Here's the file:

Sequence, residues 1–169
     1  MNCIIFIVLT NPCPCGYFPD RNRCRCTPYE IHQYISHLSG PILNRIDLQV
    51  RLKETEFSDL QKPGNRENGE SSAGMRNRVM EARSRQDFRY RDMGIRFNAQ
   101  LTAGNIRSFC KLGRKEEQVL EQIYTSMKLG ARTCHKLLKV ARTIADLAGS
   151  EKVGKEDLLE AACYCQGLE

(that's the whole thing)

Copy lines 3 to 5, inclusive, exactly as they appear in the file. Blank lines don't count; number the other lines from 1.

    51  RLKETEFSDL QKPGNRENGE SSAGMRNRVM EARSRQDFRY RDMGIRFNAQ
   101  LTAGNIRSFC KLGRKEEQVL EQIYTSMKLG ARTCHKLLKV ARTIADLAGS
   151  EKVGKEDLLE AACYCQGLE